BRITAIN will come to “regret” Brexit, EU chief Jean-Claude Juncker has claimed during his annual State of the Union speech.

The President of the European Commission said that Brexit was a “sad and tragic moment in our history.” But, he insisted, Britain leaving the EU would not define the future of Europe”.

“We will always regret it and I think you will regret it too, if I may say. Brexit isn’t the future of Europe, it’s not the be all and end all.

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“On March 30, 2019, [there] will be a union of 27. I suggest we prepare very well for that date. Europeans will wake up on that day in the union where they know we are defending their values – where being a full member of the eurozone, banking union and Schengen have become a standard.”

Brexit barely registered in the rest of the speech, but rather, for Juncker it was an optimistic, and integrationist speech, where he called for an ever closer union between those countries remaining in the EU.

Setting out his vision for the next 18 months of his presidency, Juncker called for closer ties on tax and foreign policy.

More countries would need to take the euro, he insisted. “If we want the euro to unite our continent rather than dividing it, it needs to not be the currency of just a select group of countries. The euro is destined to be the common currency of European Union,” Juncker said.

“We do not need a separate eurozone budget, we need a strong eurozone line within the existing European budget.”

Juncker also called for Romania and Bulgaria to be admitted to the Schengen area, where citizens can travel freely without border controls.

He said he wanted the eventual “merging” of the roles of the commission president and the president of the EU council, the body that represents the 27 member states.

The EU should be “steered by one and the same captain”, said Juncker, adding: “A single president would reflect the true nature of the Europe.”

Brussels will also put forward a trade strategy that will give the EU power to screen foreign investment in “strategic” European industries.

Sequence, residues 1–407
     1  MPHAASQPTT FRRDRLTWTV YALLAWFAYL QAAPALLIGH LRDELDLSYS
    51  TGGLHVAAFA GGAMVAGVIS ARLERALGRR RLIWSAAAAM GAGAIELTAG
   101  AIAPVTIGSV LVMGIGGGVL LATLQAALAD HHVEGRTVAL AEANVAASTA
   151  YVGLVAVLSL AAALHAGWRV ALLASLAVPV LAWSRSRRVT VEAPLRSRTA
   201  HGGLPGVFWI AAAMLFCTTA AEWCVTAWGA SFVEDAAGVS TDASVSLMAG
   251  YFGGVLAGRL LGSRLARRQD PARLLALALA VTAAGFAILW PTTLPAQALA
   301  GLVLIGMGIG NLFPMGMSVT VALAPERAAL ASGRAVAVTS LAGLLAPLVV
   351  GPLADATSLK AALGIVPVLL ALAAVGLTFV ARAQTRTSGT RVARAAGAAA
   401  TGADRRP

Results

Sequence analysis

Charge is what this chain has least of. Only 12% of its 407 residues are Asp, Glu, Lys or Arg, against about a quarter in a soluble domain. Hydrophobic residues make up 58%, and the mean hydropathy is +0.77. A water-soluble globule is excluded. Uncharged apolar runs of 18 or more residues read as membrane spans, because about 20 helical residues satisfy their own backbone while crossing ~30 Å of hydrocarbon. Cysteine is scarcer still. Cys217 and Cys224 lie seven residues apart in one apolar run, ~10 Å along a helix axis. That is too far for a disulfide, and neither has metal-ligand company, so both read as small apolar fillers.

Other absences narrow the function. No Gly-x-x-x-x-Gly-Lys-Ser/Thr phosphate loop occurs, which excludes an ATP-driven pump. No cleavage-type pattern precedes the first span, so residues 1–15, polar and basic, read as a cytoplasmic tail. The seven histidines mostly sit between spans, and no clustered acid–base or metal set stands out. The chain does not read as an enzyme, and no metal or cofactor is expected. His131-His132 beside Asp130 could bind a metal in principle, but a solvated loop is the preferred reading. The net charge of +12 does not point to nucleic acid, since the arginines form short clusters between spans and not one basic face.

“We have a political responsibility to know what is happening in order to protect our security”, Juncker said.

Meanwhile, a new study suggested 23 per cent of Scottish manufacturers have lost or are at risk of losing staff due to Brexit.

Businesses surveyed said this was due to uncertainty over EU workers’ rights post-Brexit and a drop in the value of the pound.

Nearly a quarter of respondents cited Brexit concerns and uncertainty over future trading tariffs as a key barrier to growth, the Manufacturing and Engineering Report 2017/18 found.

The survey was conducted by Henderson Loggie, in conjunction with the MHA association of UK independent accountancy firms and Bank of Scotland, questioning 50 Scottish businesses as part of a survey of 460 UK-wide.

It found that Scottish manufacturers are optimistic about growth prospects in the coming year, with 65 per cent predicting growth in the next 12 months.

Forty-five per cent of businesses expect staff numbers to increase in the next 12 months, however 72 per cent of respondents have difficulty recruiting employees with the relevant skills.

Gavin Black, manufacturing lead at Henderson Loggie, said: “Scottish manufacturers are largely positive in their outlook and prospects for growth, and the sector is certainly gritting its teeth in what has been a difficult and uncertain period.

“However, we should not be complacent and the survey has found that despite the ambitions, growth is being constrained and companies in the sector continue to be under increasing pressure to cut costs, meet the rising prices of raw materials and embrace new technologies if they are to survive. The sector continues to have difficulty recruiting staff with the relevant skills, the pressure on which is likely to increase as some businesses are at risk of losing staff due to Brexit.”

Economy Secretary Keith Brown said: “These are very encouraging figures for our vital manufacturing industry. A strong manufacturing base is critical to Scotland’s economic success and to creating skilled employment opportunities for the future.

“With Scotland enjoying resources few nations can match, we will continue to do all we can to support growth.”